Tales From The Chelsea Conundrum

Chelsea vs. Real Madrid : 6 April 2022.

So, here we were then. The first visit by Real Madrid to Stamford Bridge in a UEFA competition where spectators were allowed in. Our paths have crossed, very infrequently, in the past and in a variety of locations. Officially there have been five contests under the UEFA umbrella. In 1971, we battled in the European Cup Winners’ Cup Final over two games in Athens. In 1998, we met in the Super Cup in Monaco. And then, infuriatingly, we met last season in the semi-finals of the Champions League at a time when no spectators were allowed.

So far so good. Five games and not a single defeat.

There have been other games too. There was a charity game at Stamford Bridge in 1966 and there have been two relatively recent friendlies in the US; one in Miami in 2013 and another in Ann Arbor in 2016.

But this one was the one we had all been waiting for.

Real Madrid.

At home.

…shudder, just writing those words.

This was the real deal.

But this would be it for me. Unfortunately, I am unable to get time off from our beleaguered office for the equally eagerly anticipated away game. And, should we progress, I am still thwarted in my attempt to see a potential away game in a semi-final against Atletico Madrid due to others being away and others being off sick.

I was pretty ambivalent about it all though. With the Bernabeu getting a refit, it will be around for a long time yet. And let’s hope Chelsea get another stab at the Spanish giants. And I have already visited the stadium on two occasions already. In 1987, two college mates and I paid a ridiculously small fee to have a wander around the stadium. There was no tour, no guide. We were simply let loose on the mainly-terraced stadium. We even made it to the top of that famously high terraced section, even though I am sure we were not meant to. There was simply nobody around to chase us off. In 2009, myself and a few Chelsea mates went on a far more civilised tour of a modernised Bernabeu on a trip that saw us visit Atletico. This time, everything was a lot more swish. The difference between the stadium on the two visits could not have been greater.

This was a typical Champions League pre-match. There was a pint of Peroni in “The Goose” – revamped, refurbished, re-painted and pretty decent – and then the standard two bottles of Staropramen for a fiver in a packed “Simmons”. This bar had also benefited from a slight refit since my last visit in the group phase stage before Christmas. The lights had dimmed, music was playing. In the far corner, the chaps were fully assembled; Nick, Al, Gal, Ed, Parky, PD, Daryl, Chris, Simon and Milo. And me.

Thousands upon thousands of Chelsea games between us all.

Real Chelsea.

Gary made the point that, with music blaring and the beers going down well – laughter booming – it actually felt like a European Away. The eleven of us plotted up in a small bar, enjoying each other’s company, not a care, not a care.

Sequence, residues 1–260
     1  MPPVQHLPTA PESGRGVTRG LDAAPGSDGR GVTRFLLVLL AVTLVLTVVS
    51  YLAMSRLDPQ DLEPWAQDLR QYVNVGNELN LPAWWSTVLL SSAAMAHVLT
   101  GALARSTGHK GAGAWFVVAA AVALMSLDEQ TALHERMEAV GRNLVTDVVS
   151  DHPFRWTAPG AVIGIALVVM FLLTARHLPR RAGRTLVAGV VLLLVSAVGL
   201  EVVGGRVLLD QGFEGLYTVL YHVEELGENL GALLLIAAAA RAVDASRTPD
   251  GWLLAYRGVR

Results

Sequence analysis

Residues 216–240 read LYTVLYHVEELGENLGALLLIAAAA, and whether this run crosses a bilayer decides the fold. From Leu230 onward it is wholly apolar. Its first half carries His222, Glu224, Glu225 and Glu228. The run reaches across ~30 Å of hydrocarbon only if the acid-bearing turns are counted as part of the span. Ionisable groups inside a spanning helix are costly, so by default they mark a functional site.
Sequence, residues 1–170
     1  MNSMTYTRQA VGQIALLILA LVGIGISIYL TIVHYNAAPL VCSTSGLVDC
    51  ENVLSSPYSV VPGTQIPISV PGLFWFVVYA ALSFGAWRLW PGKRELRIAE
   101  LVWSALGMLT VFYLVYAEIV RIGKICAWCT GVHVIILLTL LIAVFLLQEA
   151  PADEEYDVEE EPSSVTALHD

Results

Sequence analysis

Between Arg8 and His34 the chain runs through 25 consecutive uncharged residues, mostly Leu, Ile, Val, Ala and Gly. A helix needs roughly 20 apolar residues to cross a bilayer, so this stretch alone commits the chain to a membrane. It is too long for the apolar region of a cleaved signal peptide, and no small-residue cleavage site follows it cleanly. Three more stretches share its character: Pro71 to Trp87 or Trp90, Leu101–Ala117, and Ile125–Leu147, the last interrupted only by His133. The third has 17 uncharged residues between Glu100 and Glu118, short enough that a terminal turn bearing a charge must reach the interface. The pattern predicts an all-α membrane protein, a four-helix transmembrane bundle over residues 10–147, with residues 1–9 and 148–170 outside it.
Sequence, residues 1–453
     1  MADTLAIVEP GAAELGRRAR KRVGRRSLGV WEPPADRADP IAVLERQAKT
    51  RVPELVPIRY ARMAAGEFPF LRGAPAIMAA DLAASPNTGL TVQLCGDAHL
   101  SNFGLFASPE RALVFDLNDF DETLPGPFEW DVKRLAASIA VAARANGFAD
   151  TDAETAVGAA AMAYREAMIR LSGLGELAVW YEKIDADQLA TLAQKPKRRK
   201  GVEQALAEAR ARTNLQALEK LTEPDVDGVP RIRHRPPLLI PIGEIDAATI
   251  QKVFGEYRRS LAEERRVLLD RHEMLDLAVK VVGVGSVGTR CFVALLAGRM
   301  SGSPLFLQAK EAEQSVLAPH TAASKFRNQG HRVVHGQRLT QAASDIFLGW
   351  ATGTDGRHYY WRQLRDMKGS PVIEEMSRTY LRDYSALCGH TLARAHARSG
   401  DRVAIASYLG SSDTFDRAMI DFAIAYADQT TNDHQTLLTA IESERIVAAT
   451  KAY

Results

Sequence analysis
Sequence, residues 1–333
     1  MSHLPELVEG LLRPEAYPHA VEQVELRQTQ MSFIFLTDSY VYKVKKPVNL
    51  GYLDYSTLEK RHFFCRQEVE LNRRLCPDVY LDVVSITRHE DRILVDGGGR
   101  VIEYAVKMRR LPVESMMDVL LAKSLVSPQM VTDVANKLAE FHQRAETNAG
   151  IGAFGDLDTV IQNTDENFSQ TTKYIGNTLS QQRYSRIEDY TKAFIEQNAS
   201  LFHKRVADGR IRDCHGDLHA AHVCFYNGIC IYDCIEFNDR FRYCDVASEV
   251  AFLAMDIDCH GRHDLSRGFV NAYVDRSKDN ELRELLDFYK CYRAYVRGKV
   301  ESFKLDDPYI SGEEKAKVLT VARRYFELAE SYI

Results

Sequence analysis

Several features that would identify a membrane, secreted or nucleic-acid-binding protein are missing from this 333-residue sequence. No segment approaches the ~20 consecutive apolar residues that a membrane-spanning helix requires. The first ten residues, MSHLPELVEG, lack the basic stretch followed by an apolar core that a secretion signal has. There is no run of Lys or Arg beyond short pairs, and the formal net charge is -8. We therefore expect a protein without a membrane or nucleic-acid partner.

“All Night Long” by Lionel Richie was playing.

With a wink and a snigger, Gal said “ah, they’re playing my song.”

I replied “the only bloody thing you do all night long these days, Gal, is the evening buffet.”

It was time to set off to Stamford Bridge. Sadly, I got drenched on the fifteen-minute walk to the Matthew Harding turnstiles. The rain in Spain was falling mainly in London SW6.

Fackinell.

But I was in with plenty of time before the match was to begin at eight o’clock. Over in the opposite corner, the away fans were massing up. It looked like Los Merengues would be cheered on by around two thousand supporters. I spotted a line of about thirty in the front rows dressed in white tops.

How cute.

Back in the ‘eighties, the Ultras Sur were their hooligan element. Banned in 2014, I glanced over and wondered if any former members had made it over. The atmosphere was bubbling along nicely. This had all the feelings of a top European night. Flickering squares of blue and silver were spotted in our section of The Shed and it was obvious that a pre-match mosaic had been planned.

With the teams appearing from the tunnel, it was time for me to juggle phone camera and SLR at the same time. I spotted Real wearing blue socks. Deep down I was hoping for them to appear in all white but knew this would never happen. At least they showed up in white shirts and socks.

Our team? Back to the more trusted 3-4-3.

Mendy

Christensen – Silva – Rudiger

James – Jorginho – Kante – Azpiicueta

Mount – Havertz – Pulisic

Still no Lukaku, no complaints from me.

Right from the off, and from some moments before, the atmosphere was simply excellent. This was more like it. This is what I signed-up for. I never wanted spectators to become experts and critics at games. I simply wanted supporters to stay as, er, supporters. So far my fellow fans were not letting me down.

This was the business.

Compared to Saturday, this was a different ball game.